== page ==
- reporting to the relevant authorities on imminent security threat,
- maintain security equipments and standard21.
Ship Security Officer
Ship Security Officers are assigned to specific ships berthed at the facility. The duties and responsibilities of these officers include: coordination of cargo handling and ship security, execution of the ship security plan with other security officers, helping Facility Security Officers with any relevant detail concerning a particular vessel or its personnel, and helping Facility Security Officers in identifying stores or cargo offloaded from a given ship.
Port Security Committee
The port security committee comprises of the high ranking port officials and state security representatives. They make ultimate security decisions, especially decisions that are very sensitive, multilateral and have massive ramifications22.
Security Program, Drills, and Exercises
All the port employees have a role to play in safeguarding port facilities, infrastructure and users. A continuous, rigorous and potent security program creates general awareness and watchfulness. Facility Security Officers are in charge of promoting and coordinating security programs and training. The program must ensure that all the employees are able to identify, comprehend and take necessary action on any kind of security threat.
The program emphasizes on the fact that security is the responsibility of all the employees and the port users. The objectives of the security programs, drills and exercises include: promoting quick response to security threats, purging security breach and violation, enhancing facility defences against the existing and potential threats, creating security awareness and consciousness, and training security personnel on the procedures and methods used to avert or minimize security threats23.
The Awareness Program
The new recruits or employees assigned to the security docket are usually provided with security manual as part of security awareness orientation. The manual contain vital instructions, individual responsibilities, impact of various threats and appropriate measures, and the importance of security awareness. This is followed by training and drills to enhance proficiency and alertness. The training is carried out on a quarterly basis24.
Drills and Exercises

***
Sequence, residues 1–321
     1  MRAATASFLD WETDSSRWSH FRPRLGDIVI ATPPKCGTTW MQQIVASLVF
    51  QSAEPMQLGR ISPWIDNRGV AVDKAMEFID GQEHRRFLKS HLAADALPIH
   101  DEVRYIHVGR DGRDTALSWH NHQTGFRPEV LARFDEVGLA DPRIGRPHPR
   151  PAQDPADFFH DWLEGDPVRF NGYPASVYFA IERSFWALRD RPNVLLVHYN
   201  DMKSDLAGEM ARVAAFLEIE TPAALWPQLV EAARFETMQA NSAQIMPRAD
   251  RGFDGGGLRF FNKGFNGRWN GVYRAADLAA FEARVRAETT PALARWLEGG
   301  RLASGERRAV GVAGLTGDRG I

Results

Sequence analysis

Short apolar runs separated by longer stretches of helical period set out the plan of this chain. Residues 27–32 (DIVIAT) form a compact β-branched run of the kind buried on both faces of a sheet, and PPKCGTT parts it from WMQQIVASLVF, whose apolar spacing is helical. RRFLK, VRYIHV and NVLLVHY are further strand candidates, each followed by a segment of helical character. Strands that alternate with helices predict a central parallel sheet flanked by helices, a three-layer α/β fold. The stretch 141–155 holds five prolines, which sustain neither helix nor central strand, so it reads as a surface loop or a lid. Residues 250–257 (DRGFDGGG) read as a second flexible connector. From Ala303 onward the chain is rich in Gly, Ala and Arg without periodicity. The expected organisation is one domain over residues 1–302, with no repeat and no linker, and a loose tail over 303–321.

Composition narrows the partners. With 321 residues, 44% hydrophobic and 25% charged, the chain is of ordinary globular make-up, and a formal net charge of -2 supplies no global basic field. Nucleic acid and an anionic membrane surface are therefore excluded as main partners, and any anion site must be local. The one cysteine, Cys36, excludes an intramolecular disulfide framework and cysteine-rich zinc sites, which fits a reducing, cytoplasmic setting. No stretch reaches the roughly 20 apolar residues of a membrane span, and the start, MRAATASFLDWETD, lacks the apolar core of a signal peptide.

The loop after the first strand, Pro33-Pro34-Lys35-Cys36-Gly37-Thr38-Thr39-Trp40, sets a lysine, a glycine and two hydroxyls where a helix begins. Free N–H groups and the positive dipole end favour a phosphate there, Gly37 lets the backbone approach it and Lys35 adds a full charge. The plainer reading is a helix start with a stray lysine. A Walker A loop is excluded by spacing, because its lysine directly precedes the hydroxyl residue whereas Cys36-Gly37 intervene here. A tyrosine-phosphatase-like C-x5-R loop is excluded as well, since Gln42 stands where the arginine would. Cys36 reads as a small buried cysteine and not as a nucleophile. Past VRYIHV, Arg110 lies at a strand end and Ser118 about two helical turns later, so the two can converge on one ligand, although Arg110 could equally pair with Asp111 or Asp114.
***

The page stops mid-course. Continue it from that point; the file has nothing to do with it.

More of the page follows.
The security programs and schedules are drafted by the Facility Security Officer. They must make sure that all the drills and exercises are carried out on a regular basis, especially not less than three times per year25.
Security Strategy, Processes and Controls
Generally, the security measures must be in line with the established security levels. These levels vary from one jurisdiction to another26. The Facility Security Officer is in charge of the security timetable that highlights the tasks and duties of each security personnel. Conventionally, there are three levels for port security, that is, security level1, security level 2, and security level 327.
Security Level 1
Security level 1 is considered to be the lowest level of security. This level deals with the general security threat to port facilities, cargo and ships. For this reason, it must be maintained throughout.
It involves positive identification of illegal persons or intruders, searches on personal effects and vehicles, supervision of cargo loading operations, advance notice for ship arrivals, store searches, full communication with the vessels berthed in the facility, recording details of cargo, visitors and vessels, maintaining high situational awareness, reporting any suspicious activities, ensuring security lights are switched on during darkness, and locking all the unused accesses28.
Security Level 2
Security level 2 tackles security threats that have been reported due to intelligence information gathered from different authorities. However, there is no exact target identified. The intelligence can be on a threat to port facility, infrastructure, employees, users, cargo and ships.
Security level 2 involves addition of security personnel to secure access points and perambulate boundaries, advance screening of vessels and individuals requesting access port facilities, enhancing security for ship stores, limiting access to sensitive areas/ restricted areas, making a statement on security between vessels and the port facilities and infrastructure, enhancing cargo screening, enhancing security awareness and alertness, and verifying cargo in storage and visitors who have access to port facilities29.
Security Level 3
This represents the highest level of security threat to port facility, employees, infrastructure and users. At this level, a specific vessel, personnel, infrastructure, cargo or facility has been identified as the target and that the threat is imminent.